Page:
I wouldn't worry about the angles too much. As mentioned, one degree in seat angle is just 1-1.5 cm adjustment on the saddle fore-aft. You only have an issue if you run out of adjustment range on the saddle rails, but then you can look to other seatposts if you need to. You're most of the way there if you already have one bike set up that works well for you. Just make careful measurements and you should get there with bike #2. Let us know what you find...
  • Alex99Alex99 Posts: 1,407
    roubaixtom wrote:
    Yes I do have the same saddles on both bikes. I haven't had a chance to be with both bikes since posting so at the weekend I will do all the tests that have been explained in this post.

    I do remember pushing the seat further back gave me lower back pain. Is it just a case of finding the balance point and pushing the seat slightly further forward than that.

    I wonder why they designed the frame with a 74.5 degree seat angle

    One more thing... are your cranks the same length?
  • onyourrightonyourright Posts: 509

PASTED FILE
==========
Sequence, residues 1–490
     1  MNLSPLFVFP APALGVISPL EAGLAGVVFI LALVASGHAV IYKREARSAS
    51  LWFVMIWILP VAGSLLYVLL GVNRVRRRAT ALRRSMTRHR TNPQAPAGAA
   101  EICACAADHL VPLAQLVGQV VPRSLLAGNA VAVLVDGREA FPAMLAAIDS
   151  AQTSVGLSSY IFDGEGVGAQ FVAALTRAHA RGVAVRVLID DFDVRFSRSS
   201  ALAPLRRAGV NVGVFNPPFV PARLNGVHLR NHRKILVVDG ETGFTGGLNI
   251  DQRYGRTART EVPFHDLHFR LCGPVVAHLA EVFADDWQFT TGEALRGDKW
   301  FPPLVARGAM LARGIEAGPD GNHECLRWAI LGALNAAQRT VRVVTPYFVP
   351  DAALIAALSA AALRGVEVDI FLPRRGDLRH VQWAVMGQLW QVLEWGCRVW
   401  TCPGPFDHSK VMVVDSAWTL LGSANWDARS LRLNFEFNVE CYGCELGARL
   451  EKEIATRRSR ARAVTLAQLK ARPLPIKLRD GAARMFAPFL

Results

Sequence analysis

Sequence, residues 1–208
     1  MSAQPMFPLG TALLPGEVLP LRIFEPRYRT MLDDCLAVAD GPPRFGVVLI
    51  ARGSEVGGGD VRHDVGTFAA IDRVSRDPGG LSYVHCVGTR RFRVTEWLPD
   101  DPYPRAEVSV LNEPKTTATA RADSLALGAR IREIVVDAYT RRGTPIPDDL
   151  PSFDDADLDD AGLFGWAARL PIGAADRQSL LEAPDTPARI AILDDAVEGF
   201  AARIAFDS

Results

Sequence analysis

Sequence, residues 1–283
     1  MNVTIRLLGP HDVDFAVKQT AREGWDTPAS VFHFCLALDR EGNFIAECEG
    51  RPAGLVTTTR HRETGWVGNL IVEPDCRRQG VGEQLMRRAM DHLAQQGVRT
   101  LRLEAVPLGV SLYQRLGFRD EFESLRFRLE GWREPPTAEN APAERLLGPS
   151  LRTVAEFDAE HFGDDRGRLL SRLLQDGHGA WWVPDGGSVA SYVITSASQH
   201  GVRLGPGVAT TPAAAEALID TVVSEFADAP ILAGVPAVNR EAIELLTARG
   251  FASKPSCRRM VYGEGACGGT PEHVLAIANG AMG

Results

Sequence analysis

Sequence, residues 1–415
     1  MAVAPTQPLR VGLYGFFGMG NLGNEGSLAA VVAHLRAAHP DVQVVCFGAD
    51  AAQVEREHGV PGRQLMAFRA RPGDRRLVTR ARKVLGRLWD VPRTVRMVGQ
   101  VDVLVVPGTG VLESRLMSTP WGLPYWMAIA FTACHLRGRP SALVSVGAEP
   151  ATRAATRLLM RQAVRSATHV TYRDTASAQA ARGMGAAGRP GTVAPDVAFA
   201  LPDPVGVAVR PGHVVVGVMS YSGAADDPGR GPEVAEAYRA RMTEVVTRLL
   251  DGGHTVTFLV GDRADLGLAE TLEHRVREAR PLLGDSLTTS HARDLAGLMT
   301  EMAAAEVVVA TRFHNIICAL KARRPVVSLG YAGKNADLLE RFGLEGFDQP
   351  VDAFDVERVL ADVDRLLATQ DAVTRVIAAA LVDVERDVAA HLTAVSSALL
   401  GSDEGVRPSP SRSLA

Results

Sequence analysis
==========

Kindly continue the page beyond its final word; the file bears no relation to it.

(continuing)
roubaixtom wrote:
    I do remember pushing the seat further back gave me lower back pain. Is it just a case of finding the balance point and pushing the seat slightly further forward than that.
    It’s about finding the balance, yes. Literally.

    However, with your weight properly supported on pedals and saddle, and only a small amount on your hands, a degree of core strength is needed – more so the lower you have your handlebars. Lack of that (i.e. lack of practice) may be why you got back pain. But luckily I don’t suffer from back pain, so don’t listen to me about that.
    roubaixtom wrote:
    I wonder why they designed the frame with a 74.5 degree seat angle
    I think it’s just about aping the pros. But pro racers put out much more power at about the same cadence as us, which means they push the pedals much harder. The counterweight of their bum therefore does not need to be as far back to keep their torso weight off their hands. Roughly speaking, the more power you put out, the more forward you need the saddle.

    That said, Boardman’s 1992 Lotus for the individual pursuit had a 72° seat-tube angle. Of course he only sat on the tip of the saddle for a few minutes. But still, it shows that road bikes have got a bit out of hand with seat-tube angles. A driver of steep angles may be the disputed idea that you can rotate your body forward around the bottom bracket for better aerodynamics at no cost.

    As Alex99 said, as long as you can position the saddle where you want, the tube angle doesn’t matter. It’s more of a problem with Brooks saddles as favoured by many long-distance riders, since those saddles sit relatively forward on the seat post.